Thrilling Results with a Tomato Trellis

Posted on 14 March 2011 | No responses

Tomatoes are traditionally grown using stakes or even tomato cages.  Stakes often break in the wind and require tying the plant. Cages make is difficult to prune the tomato plant as it grows.  So why not try a trellis?

There are several advantages to using a tomato trellis. The trellis allows good air circulation around the foliage, helping it dry out between waterings. It also allows for maximum sun as the plant grows vertically. Not the least of which, becomes fewer hiding places for pests. It will also be easier to prune suckers and  pick your harvest.

As a common practice at many greenhouse, growing tomatoes on a vertical string, is also an option. It makes sense. Wrapping a vine around a string already in place is faster than tying a plant to a stake. The strings also make it easier to keep track of the suckers that will need pruning.  Less vine and plant damage tends to occur. Chicken wire fencing is often used as well.

A unique and successful new trellis is the “A frame” which allows for maximum use of garden space, great sun exposure, an enormous space for tomato vine to run, and ease of harvesting. In addition, they are easy to assemble and disassemble and can be quite portable.

Great results have been produced using this form of trellis with higher than average tomato yields, more even coloring of the tomato and less bug or pest infestation.

Flat metal trellis’ are also an option.  The same type used for clematis or other plant vines can be utilized for good tomato plant production. This type does not require as much space as they typically stand less than two feet tall yet still helps hold the plant upward for maximum sun exposure.

Similar to most planting, trellis use depends on the amount of space the gardener has to utilize. If you choose the vertical option, your space is practically endless. Trellis use clearly allows for more organization within the garden, more definition of soil, less competetion amongst other plants for well spaced roots and plants.

Having home grown tomatos in late summer is a great feeling. Somehow they even seem to taste better. Knowing your garden is set up for optimal production is also helpful.  Tomatos are one of the easiest plants to see great results from and using a trellis can certain have many benefits.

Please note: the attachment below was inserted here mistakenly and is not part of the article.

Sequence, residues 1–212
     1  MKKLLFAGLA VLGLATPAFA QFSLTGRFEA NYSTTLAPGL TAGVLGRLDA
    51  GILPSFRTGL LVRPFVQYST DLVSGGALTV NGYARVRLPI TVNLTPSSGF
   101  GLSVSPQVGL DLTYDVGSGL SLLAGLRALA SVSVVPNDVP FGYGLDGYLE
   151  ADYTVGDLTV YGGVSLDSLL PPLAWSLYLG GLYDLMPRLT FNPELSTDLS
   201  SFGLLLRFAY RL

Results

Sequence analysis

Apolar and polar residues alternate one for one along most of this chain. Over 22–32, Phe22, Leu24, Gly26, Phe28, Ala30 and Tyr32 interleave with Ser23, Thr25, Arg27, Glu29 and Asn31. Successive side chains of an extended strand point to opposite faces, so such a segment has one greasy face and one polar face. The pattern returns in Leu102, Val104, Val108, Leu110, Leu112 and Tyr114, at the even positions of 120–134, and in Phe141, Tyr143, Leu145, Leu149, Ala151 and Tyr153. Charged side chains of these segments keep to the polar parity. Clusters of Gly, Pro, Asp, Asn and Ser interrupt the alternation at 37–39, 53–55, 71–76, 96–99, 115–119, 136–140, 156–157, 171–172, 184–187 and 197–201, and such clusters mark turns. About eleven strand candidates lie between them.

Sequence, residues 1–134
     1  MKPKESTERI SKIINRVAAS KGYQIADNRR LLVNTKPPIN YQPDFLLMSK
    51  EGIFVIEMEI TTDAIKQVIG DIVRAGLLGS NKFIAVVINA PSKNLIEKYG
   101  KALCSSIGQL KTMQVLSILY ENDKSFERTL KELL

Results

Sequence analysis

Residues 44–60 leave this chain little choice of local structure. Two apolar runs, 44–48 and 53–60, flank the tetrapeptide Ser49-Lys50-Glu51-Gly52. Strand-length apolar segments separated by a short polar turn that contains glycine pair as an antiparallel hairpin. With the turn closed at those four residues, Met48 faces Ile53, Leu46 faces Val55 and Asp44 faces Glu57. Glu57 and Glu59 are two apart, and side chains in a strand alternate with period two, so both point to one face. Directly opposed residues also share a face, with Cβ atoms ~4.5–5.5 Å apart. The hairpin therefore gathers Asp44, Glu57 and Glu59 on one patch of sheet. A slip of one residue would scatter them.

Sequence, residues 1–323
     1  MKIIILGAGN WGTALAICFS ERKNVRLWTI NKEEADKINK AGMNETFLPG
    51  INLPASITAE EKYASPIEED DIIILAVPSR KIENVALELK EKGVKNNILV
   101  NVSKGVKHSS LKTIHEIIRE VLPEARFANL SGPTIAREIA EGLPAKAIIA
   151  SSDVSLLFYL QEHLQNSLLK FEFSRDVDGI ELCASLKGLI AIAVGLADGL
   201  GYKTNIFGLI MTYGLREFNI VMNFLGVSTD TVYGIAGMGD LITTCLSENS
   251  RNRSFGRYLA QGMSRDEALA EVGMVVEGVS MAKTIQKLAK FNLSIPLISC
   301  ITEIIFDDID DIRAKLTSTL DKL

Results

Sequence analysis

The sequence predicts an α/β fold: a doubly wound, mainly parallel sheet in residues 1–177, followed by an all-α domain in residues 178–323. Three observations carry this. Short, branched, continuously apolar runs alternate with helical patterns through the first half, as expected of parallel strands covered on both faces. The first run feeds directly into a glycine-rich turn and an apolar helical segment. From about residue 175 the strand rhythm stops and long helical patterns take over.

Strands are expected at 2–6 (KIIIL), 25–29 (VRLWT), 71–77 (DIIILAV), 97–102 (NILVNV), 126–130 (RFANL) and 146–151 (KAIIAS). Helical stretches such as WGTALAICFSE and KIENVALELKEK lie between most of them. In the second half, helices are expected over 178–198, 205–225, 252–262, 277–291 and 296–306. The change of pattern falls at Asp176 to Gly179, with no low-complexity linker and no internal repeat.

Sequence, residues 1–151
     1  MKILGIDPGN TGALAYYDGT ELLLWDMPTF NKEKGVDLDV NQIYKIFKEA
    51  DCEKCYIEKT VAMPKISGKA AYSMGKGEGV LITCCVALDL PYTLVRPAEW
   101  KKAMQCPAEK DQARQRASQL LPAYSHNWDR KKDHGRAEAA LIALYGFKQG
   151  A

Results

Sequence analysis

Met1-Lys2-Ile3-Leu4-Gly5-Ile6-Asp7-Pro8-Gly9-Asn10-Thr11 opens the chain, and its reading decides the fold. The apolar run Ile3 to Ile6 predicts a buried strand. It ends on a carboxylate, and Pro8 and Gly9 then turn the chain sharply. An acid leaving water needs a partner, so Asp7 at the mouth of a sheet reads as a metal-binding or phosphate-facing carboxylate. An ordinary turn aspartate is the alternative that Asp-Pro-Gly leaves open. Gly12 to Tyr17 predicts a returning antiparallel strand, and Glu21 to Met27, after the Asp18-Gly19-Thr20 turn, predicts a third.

Written by, Janine Buchal, March 2011

Easy Tips for a Low Maintenance Landscape

Posted on 9 March 2011 | No responses

If you are looking for an easy and breezy walk in the park when it comes the landscape maintenance of your home, there are some great tips that can be offered. Taking care of your own yard can yield you many desirable results for the efforts and hard work that you put into it. Hopefully, some of these 7  tips can help you reduce the man hours of time that you need in order to enjoy having a beautiful home and yard.

  1. Xeriscaping your yard is the process of removing water hungry plants, most often going with a really low maintenance yard that is generally like a desert landscaping. In places like Denver, and some other states, these yards are really popular.
  2. Automated irrigation can save you time and money. Use your hose for your garden and consider installing automated irrigations systems into your yard so you can set it and forget it.
  3. Use clovers instead of grass. You can cut down on water and pests, the seeds are year round and really cheap, and it looks great, too!
  4. Plant low maintenance plants that are drought tolerant so they don’t require very much water annually. This will save you time and money and ensure that your yard looks great during all seasons.
  5. Consider rock gardens; they include many low maintenance plants that are drought resistance and look wonderful in any yard.
  6. Harness the power of mulch. If you have dead spots that are bare and a sore to the eyes, turn to mulch as your savior. It’s cheap, it’s easy to use and it can work wonders on barren areas of your yard relatively quickly.
  7. Make snowy Mondays a thing of the past. You know, where you used to have to shovel your driveway to even pull the car out. Not anymore. Newer technology has brought to us what are called snow melt systems. They eliminate the need to ever shovel your driveway again. Imagine that!

Sometimes landscape maintenance can be tedious and tiring. Especially if you have been at work all day long and you have to maintain your yard during your time off. Many people actually prefer to perform their landscape maintenance during the weekends. Again, this can mean that you are out there in the sun for many hours during your free time on Saturdays or Sundays. For others, contracting the services experienced landscape maintenance companies usually makes the most sense. This way they don’t have to worry about their landscape maintenance and can enjoy their time off when they are not at work.